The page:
Long Live the Veteran / Death to Rookies. An Inside Look at Rookie Initiation in Hockey.
Veterans (not of the we-fought-for your-freedom-and paid-with-our-lives persuasion, rather of the we’ve-played-here-longer-than-you-now-do-all-the-work-and-entertain-us variety). They’re simultaneously the nightmare and aspiring dream of every rookie on every hockey team that does, did, or will, exist. Upon deservingly advancing through weeks of rookie camps and finally making the team they were trying out for, the pride in the rookie’s head takes at least a small swerve to fear-town when he is introduced to the 20+ hockey bags he and the other rockpiles will be loading onto and off of the bus all year, as well as the front seat of the bus nearest the bus driver that he will be sharing with another rookie for the entire 8 hour road trip, as well as every other subsequent “roadie” (roadtrip).
Rookies take a lot of punishment. The menial tasks like picking up pucks, lugging gear, filling bottles and so on, are all standard. Other more obscure burdens include dressing up, unhealthy amounts of booze, questionable sexual activity, articles of food put in places they don’t belong, photographs, races, and a lot of other ridiculous activities that lean more towards that dirty word, “Hazing.” It seems like the younger the guys and lower the level, the more borderline the things rookies have to do. Because of some idiot vets that took the ritual’s concept too far and chose to actually hurt and embarrass some rookies (whom, afterwards, decided to speak out against the practice), rookie initiation has been banned all together on some teams and in some circles. I do hope some of the stories are myths; sadly I’m sure they’re not. Being taped up and put in the shower is par for the course. Stuffing as many rookies in a bus bathroom as possible (usually more), and vets generating various requirements for their release is entertaining, if you’re a vet. 10 guys trying to successfully collect and correctly add an unknown amount of pocket change scattered on the floor is difficult at best in a 2’x2’x8’ room which houses human waste. Hockey players also do not begin to smell better as time goes on in closed quarters.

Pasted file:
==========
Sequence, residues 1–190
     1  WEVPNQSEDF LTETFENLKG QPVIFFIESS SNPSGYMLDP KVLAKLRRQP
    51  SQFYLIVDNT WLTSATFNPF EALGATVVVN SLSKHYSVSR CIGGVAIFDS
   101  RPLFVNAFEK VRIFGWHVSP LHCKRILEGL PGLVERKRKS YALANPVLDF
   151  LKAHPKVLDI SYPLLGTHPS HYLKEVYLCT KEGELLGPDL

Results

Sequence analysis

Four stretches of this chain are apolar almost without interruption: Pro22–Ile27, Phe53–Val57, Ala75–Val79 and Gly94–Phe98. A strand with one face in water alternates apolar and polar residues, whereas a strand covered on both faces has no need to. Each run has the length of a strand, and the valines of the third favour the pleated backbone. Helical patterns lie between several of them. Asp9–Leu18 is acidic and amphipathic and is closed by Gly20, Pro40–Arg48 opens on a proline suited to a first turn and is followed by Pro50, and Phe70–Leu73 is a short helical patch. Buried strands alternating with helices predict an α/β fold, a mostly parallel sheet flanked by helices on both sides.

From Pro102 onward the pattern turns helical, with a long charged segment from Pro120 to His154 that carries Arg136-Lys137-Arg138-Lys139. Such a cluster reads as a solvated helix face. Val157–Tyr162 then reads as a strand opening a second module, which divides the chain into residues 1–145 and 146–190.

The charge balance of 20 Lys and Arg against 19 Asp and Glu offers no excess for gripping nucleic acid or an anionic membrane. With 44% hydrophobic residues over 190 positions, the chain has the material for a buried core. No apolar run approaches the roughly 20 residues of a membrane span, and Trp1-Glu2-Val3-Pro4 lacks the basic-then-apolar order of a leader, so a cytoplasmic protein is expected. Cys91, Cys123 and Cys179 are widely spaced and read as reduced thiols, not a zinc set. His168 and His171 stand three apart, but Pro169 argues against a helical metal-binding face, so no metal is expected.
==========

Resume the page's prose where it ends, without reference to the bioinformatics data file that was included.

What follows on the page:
One of the lighter, and more fun veteran policies in college circles require rookies to dress up in full gear (minus the stick and skates) for a day at school; an event known as “The Rookie Olympics.” Let me tell you from experience, taking lecture notes with hockey gloves on is easier said than done. Also, NO girls appreciate the smell you radiate, so you had best avoid any you are hoping to impress. At the veteran’s discretion, penalties can, and will, be called throughout the day for any equipment infractions. If any gear is removed, chinstrap undone, helmet and visor not properly affixed, or a veteran command is disregarded, minor or major penalties may be assessed. Penalties add up, and then will be paid for later at practice. Lunchtime activities in the cafeteria may include races while attempting to not spill trays holding 20 tall plastic cups of water, or the fetching of meals for veterans, or for anyone a veteran chooses (generally the more embarrassing the better). Situations like this one are usually even supported by teachers, and you may see a professor or two get in on the action. Every team’s got their own stories, so just ask a hockey player you know to tell their tales of rookie-dom.